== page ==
16 May Three Lessons We Can Learn from AMP’s Royal Stuff Ups
In the words of Chris Isaac, AMP “did a bad, bad thing”. They were not alone.
According to recent ABC reports, Australia’s banks have been plagued with one scandal after another over the past decade. At the heart of it is the “banking industry’s promotion of an aggressive, sales-driven culture, which emphasises profit at all costs”. Add to this a flawed compliance structure, and the refusal of banks to hold anyone in a senior position accountable, and things get pretty bad, pretty quickly.
Rather than joining the pitch-fork march, we see constructive lessons in this scandal that are relevant to every business leader and owner, and we’ll start with a controversial statement: “It could happen to you”.
Every business has a shadow
“Amicus certus in re incerta”; ‘A true friend in uncertain times’. When the Australian Mutual Provident Society, AMP, was founded in 1849, this Latin phrase was its mission statement. Their employee code of conduct stipulates a “culture of help… professionalism, honesty and integrity”. Like many organisations, AMP took time to define their values internally, based on the way they wanted to be perceived externally. When customers were charged fees for services that were never delivered, many were left wondering whether AMP was indeed the kind of “true friend” they wanted around.
Organisations are consistently dealing with behaviours that are misaligned with their values. The natural reaction of most leaders is to observe that values were not defined clearly enough, or not enforced forcefully enough. There is a third, critical aspect, often ignored by leaders, and that is the “shadow”.
In Jungian psychology, the shadow refers to the unconscious aspect of our personality which we do not readily identify in ourselves. Karl Jung, founder of Jungian psychology, worked extensively to better understand personality, in all its lightness and darkness. “Everyone carries a shadow” he wrote, “and the less it is embodied in the individual’s conscious life, the blacker and denser it is”. In simple terms, the shadow is the “dark side”.
We tend to reject the least desirable aspects of our personality in order to protect our ego. As a result, the shadow remains a largely negative space that can rear its head unexpectedly. Organisations, like humans, have personalities in the form of cultures. Like our personalities, cultures too have a “shadow”; the least desirable aspects of a culture, which we do not readily identify with.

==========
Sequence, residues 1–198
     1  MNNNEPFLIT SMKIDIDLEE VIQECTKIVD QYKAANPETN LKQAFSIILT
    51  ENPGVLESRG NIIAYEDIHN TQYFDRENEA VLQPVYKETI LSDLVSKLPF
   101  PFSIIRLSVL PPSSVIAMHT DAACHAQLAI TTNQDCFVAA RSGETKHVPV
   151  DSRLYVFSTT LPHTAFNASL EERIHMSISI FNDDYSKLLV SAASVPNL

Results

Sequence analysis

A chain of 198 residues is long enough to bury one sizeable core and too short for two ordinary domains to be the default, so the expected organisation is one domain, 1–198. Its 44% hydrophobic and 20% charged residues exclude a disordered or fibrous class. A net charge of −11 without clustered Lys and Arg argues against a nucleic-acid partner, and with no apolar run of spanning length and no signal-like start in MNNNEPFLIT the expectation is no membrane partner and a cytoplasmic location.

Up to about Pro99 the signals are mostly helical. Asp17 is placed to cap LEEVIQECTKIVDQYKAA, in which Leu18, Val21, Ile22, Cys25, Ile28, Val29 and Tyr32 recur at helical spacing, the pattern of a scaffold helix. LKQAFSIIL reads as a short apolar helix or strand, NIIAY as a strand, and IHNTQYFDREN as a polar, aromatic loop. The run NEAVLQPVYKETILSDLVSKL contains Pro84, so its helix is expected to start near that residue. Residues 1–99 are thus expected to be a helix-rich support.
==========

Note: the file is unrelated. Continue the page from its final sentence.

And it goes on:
How is this relevant to a Royal Commission into banking? Because every organisation has a shadow, and the shadow of many financial institutions is now under investigation.
How well do you know your shadow?
There is an old Cherokee Indian tale known as the Two Wolves. An Indian chief tells his grandson of a fight between two wolves. One wolf is darkness and despair, the other is light and hope. The child asks “Which wolf wins?”, to which the grandfather responds, “Whichever one you feed”.
We see the two wolves fighting within us, and within most organisations. No matter how much we want ‘professionalism, honesty and integrity’ to win, we may unconsciously be feeding its opponent, in this case the toxic culture focussed on “profit at all costs”.
A financial advisor at AMP on their way to a performance review, may walk past three posters in the corridor that speak to the values of “professionalism, honesty and integrity”. Their manager commends their positive impact on the team, but stresses the importance of financial outcomes again, and again. They leave the meeting to find that their peers have been promoted on the basis of their financial returns, notwithstanding their selfish behaviour and lack of concern for customers. Implicit in this tug of war, is a demand of the employee to make a decision between the stipulated values of the company and the outcomes expected of them. The shadow is not directly discussed because that would conflict with the organisation’s espoused values and image, however it lies beneath the surface and is as powerful as ever.
The question that follows is: What are the two wolves in your organisation, and how do you recognise them openly before the shadow takes on a life of its own?
All teams, no matter how good, are capable of doing bad things.
If your natural inclination is to think “that would never happen in our business…”, know that this is precisely the language and conviction of the “shadow”; it wants you to think that. The shadow, after all, is made up of the things we don’t see ourselves as capable of doing.
Let’s be a ‘good friend in an uncertain time’ and assume that AMP’s employees are not bad people. What then allowed them to do bad things? Somebody within a team within AMP knew this was happening, and probably wanted to say something. But they either didn’t or did and weren’t listened to.
So how can you shine light on your organisation’s shadow?
1) Assume your organisation is capable of bad things:
Don’t look disapprovingly from afar at the fall of another organisation without asking “what can I learn?”.
2) Celebrate the challengers – they may just be the only ones to have touched your shadow:
When you are confronted with ‘nay-sayers’, ‘whistle-blowers’ or ‘challengers’, examine the truth in their words and challenge yourself not to isolate them, but promote their contribution.
3) Normalise conflict – that’s how the good wolf wins:
Allow conflict to play out and conversations to unravel. It is often not easy or natural for those who need to speak up to do so. Create space for those conversations and nurture them so people know they are safe.
4) Foster diversity in your business:
Diversity of opinion brings elements of the shadow into the light of day. If you are surrounded by ‘yes people’, ‘loyal friends’ and ‘predictable lieutenants’ your shadow is likely to remain hidden.
Alon Cassuto, Senior Consultant
Tom Canny, Consultant